Gianna DeMedio was 27 when her father, a raging Philadelphia Eagles fan’s famous Conshohocken real estate agent, suffered a fatal heart attack five years ago. He was 63 years old and suddenly left.
DeMedio was devastated by his father’s death just two weeks before Father’s Day, but he did not immediately know what grief awaited him. He poured his attention and energy to help the people around him to overcome the loss of his beloved Gary DeMedio, who had a big mouth և the taste of a cigar. Gianna just wanted to be a rock for her family.
“It’s really funny how grief makes you feel like you have to get up right away and start running,” says DeMedio, who lives in Longport, Atlantic. “I was very hard on myself; I was so worried about everyone else in my family because they were all upset, I wanted to have a brave face to make sure they were all well.”
It worked until it worked. One day DeMedio went home to his apartment, where he was living in Philly, and was blinded by a tsunami of emotions. He panicked and spent the night in the hospital.
That was when DeMedio, a former public relations officer at Jefferson Health, learned that he had a long way to go before he lost his father.
Initially, DeMedio received a huge boost from the Eagles. To this day, some believe his father’s fierce spirit had something to do with the team’s incredible Super Bowl LIV run, which began a few months after Gary’s death. It was a cathartic moment for him during that difficult first year, but he has been doing long-term treatment since then.
Now 32-year-old DeMedio is ready to share his wisdom and wisdom with others who are struggling to overcome the loss.
This week DeMedio introduced the online boutique, All heavenswhich will serve as a resource center և gift shop dedicated to mourners.
“It was something my father always told me,” DeMedio explained. “He would say, ‘I love you more than all the oceans and all the heavens.’ It was just very symbolic, it seemed to fit the mission I was trying to do. ”
This mission is to help people resist, to examine their grief in an honest, reflective manner, both alone and with the help of others on the same boat. DeMedio covers everything from rolling your eyes to finding comfort in gloomy humor, whatever it takes to actually overcome the pain.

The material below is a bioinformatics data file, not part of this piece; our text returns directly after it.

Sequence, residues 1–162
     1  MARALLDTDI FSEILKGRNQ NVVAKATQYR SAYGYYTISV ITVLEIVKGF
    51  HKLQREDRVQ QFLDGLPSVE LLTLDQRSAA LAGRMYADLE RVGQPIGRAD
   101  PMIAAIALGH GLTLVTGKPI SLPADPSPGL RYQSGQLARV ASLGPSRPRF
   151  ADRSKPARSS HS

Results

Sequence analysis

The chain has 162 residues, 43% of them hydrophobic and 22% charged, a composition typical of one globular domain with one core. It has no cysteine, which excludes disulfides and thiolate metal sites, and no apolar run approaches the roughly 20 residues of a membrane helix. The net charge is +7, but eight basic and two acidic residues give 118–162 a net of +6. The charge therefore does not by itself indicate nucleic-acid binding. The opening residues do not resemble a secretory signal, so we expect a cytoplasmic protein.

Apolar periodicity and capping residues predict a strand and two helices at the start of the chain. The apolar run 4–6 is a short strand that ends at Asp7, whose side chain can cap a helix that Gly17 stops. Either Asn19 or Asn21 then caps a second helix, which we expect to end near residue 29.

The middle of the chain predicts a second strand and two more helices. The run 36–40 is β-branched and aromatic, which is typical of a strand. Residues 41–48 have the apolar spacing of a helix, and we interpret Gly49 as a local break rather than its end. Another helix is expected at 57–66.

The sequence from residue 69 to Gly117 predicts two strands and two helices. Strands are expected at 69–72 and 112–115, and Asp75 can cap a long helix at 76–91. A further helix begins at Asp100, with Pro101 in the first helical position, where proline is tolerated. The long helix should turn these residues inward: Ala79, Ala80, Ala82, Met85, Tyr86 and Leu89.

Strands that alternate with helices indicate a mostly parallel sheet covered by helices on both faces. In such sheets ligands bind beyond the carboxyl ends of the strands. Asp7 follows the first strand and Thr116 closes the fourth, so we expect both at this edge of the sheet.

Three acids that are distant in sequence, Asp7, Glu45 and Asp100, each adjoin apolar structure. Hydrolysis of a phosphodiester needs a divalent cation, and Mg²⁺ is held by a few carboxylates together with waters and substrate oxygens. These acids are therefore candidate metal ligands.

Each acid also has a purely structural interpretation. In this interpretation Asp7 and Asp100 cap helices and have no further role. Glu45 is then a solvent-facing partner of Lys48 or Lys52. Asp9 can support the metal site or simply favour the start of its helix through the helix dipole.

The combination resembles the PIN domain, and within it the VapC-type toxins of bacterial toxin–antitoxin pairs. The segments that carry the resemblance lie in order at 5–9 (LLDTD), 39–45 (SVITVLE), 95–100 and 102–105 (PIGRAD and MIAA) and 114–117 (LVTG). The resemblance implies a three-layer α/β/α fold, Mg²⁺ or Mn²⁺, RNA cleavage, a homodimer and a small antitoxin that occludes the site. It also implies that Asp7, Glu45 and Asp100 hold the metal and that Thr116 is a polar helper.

DeMedio has a podcast.So sorry for the loss“It’s now more than 50 episodes և includes a wide range of guests on a variety of grief topics. The podcast line is simple: “Grief sucks,” just as you can imagine Gary DeMedio shouting. “Dallas sucks.”
In one of the last episodes of the podcast, Gianna interviewed Courtney Well, the star of the “Blow Deck” TV series, about the actress overcoming her father’s diagnosis of Alzheimer’s, which is a different kind of loss. In other episodes, men talk about their grief, encouraging their peers to challenge false expectations of seeking help for depression.
The launch of All The Skies was a learning experience for DeMedio, but he pushed to launch a boutique on Father’s Day this year.
“One thing I’m trying to say to people who go on these parental holidays or death anniversaries is to really try to realize yourself,” de Medio said. “Be as selfish as possible, because it is very easy to ignore the feeling, to say ‘I do not want to accept it’ or ‘I do not want to make myself sad.’ But you kind of need it և you can not escape from this. You just can’t get over the grief. “
DeMedio: Online store contains a selected collection of 40-50 products that meet the different needs of grieving people, be it the death of a parent or someone whose absence has left a hole. Some elements of All the Skies are books of grief that, according to DeMedio, have been transformative for him, including some that offer a more intense approach to how to heal. He has also worked with wholesalers and manufacturers on jewelry collections, greeting cards, gel beaded eye masks, and soft shirts.